Words are powerful things. They can be used to guide our actions. They can elevate our spirits. They can inspire us to do significant good for our fellow citizens. As a matter of fact, the words discussed below changed my life dramatically and hopefully changed my actions for the better.
Back in 1993, I heard 12 powerful words. Health care futurist Leland Kaiser was discussing ways that we should be engaged in our community. He noted that for community improvement to occur, each citizen must take personal responsibility for the activities in their community. These activities might already be positive ones or, more than likely, might be areas for significant improvement. “For anything that happens in our community,” Leland Kaiser challenges each of us as individuals and our society as a whole, “I am the problem, I am the solution, I am the resource.” Those are 12 pretty simple words but the message is a powerful one.
We have to respond by saying “I have to take personal ownership in the issues in my community (I am the problem), I have to work with my fellow citizens (I am the solution), and I need to be willing to devote my continuing energies to the community (I am the resource).” For example, for a drug problem or opioid epidemic in our community, I need to recognize that it is my problem (not somebody else’s problem), that I need to be willing to work with others toward the potential resolution, and that I will need to devote my personal resources (time and talents) in a positive way. And these 12 words remind us that if communities do not work together in such a spirit they can never really actually achieve success. Until we all recognize our common humanity and roles as citizens in our society, we cannot take the tangible actions necessary to improve our community.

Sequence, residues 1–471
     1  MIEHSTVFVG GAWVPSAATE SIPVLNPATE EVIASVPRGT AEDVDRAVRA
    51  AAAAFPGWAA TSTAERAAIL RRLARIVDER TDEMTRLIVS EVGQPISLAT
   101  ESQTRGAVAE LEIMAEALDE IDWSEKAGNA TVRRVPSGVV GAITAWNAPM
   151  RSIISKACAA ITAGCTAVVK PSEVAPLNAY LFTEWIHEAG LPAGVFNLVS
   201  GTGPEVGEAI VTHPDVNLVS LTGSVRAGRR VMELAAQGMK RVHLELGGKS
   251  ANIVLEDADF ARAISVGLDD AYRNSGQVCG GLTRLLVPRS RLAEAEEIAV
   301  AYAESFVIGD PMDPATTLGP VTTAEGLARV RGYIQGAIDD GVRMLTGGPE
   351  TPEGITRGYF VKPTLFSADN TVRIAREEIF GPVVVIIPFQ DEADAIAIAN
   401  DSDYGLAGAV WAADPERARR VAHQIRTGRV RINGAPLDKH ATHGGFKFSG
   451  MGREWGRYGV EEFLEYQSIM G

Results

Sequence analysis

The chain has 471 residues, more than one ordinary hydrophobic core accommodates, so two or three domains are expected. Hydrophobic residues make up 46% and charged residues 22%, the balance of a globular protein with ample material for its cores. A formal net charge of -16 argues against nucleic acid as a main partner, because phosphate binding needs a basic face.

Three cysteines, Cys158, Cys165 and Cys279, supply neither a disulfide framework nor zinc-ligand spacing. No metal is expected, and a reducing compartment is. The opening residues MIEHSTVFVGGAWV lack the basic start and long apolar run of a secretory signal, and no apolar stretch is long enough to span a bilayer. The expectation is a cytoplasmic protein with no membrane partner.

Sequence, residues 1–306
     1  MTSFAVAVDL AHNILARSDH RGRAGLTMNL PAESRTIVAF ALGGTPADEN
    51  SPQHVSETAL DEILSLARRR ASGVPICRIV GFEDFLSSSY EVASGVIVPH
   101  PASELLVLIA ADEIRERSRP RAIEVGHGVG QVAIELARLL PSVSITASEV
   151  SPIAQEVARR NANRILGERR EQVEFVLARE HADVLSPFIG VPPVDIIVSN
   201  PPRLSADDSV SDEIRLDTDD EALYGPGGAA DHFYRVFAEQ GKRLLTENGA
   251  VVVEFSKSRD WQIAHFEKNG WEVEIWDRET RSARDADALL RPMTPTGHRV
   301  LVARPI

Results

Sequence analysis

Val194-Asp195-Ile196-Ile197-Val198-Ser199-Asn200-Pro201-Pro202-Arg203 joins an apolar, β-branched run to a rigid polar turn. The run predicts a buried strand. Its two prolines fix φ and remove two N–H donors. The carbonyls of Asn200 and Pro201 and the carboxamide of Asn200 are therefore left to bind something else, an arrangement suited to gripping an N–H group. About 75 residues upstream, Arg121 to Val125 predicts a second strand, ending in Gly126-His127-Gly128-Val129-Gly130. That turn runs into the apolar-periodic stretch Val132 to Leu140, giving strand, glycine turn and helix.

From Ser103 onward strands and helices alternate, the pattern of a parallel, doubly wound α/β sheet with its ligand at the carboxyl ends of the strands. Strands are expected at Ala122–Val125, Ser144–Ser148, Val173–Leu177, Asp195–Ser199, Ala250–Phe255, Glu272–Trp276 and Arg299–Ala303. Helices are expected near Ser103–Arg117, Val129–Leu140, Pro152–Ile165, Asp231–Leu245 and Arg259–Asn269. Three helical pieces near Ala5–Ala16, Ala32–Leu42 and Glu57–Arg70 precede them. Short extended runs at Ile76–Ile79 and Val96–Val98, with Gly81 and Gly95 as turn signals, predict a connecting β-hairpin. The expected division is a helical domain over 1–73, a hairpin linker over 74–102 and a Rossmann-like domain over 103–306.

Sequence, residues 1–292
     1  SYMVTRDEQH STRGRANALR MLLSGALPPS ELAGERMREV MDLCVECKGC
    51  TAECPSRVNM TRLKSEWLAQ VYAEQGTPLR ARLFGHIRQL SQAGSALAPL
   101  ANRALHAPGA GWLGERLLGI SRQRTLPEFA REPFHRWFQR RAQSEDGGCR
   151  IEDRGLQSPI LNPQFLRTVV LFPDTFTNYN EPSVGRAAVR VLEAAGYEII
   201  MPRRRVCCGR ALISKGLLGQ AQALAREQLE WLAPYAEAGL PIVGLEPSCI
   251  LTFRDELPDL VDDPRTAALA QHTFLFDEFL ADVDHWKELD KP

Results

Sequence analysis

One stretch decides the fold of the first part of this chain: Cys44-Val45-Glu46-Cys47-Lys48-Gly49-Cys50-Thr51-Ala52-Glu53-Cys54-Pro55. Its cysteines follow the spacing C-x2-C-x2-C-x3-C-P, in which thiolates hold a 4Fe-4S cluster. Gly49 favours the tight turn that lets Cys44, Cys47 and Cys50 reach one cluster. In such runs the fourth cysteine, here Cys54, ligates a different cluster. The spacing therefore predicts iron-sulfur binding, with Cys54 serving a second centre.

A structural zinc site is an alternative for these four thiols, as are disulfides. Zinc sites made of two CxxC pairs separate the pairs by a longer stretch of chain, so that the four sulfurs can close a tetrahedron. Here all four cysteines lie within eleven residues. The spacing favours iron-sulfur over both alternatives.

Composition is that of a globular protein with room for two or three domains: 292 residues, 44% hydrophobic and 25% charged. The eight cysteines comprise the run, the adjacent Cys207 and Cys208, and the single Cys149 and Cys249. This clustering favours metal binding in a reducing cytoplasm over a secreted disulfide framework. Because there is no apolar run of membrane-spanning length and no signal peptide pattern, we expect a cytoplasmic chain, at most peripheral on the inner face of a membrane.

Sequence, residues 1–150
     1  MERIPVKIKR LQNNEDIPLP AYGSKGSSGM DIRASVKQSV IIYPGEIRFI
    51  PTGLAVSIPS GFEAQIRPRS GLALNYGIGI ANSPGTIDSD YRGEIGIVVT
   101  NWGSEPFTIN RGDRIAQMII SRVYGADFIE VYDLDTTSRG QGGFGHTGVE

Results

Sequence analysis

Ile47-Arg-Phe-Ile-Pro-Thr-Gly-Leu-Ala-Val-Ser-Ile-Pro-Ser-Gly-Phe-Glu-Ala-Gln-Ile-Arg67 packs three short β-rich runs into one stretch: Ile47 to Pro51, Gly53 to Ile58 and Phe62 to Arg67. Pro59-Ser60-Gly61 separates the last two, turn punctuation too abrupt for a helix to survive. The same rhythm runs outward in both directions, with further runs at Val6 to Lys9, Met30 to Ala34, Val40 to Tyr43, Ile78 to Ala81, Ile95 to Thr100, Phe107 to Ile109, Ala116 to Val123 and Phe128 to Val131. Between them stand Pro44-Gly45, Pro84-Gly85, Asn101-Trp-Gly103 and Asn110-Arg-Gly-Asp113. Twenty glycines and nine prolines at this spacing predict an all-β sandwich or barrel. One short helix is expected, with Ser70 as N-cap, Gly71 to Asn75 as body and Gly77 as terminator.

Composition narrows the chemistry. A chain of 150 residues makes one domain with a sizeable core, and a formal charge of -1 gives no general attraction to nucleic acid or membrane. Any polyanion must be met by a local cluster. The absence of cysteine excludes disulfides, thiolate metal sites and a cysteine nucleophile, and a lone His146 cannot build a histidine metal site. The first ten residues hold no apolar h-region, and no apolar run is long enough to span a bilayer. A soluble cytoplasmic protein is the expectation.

We could just as easily substitute the “I” with “we” in those 12 words—We are the problem, we are the solution, we are the resource. Only by active engagement can “we” truly make a difference.
The downside of words is that they can be used in serious negative ways. They can demean others. They can belittle others. They can perpetuate un-truths that can lead to misunderstandings that will drive wedges between groups in our society. And these misunderstandings will not allow us to take personal ownership in the issues needing improvement.
Most recently, I perceive that the 12 words – I am the problem, I am the solution, I am the resource – have unfortunately changed or morphed into a perversion that is worrisome. It seems to me that we are hearing (more often than not for areas of improvement in our community) that “You are the problem, I am the solution, and I will use your resources” to change things.
We are certainly hearing this in our national politics, and these thoughts can easily creep into our interactions at more local levels. This kind of finger pointing does no good and actually does great harm if we hope to work together for the common good.
Only by accepting our common responsibilities to engage in the tough issues in our community that need our attention can we truly make a difference. So I am convinced that the 12 words – I AM THE PROBLEM, I AM THE SOLUTION, I AM THE RESOLUTION – are critical for us to internalize and are worthy of consideration for all of our actions.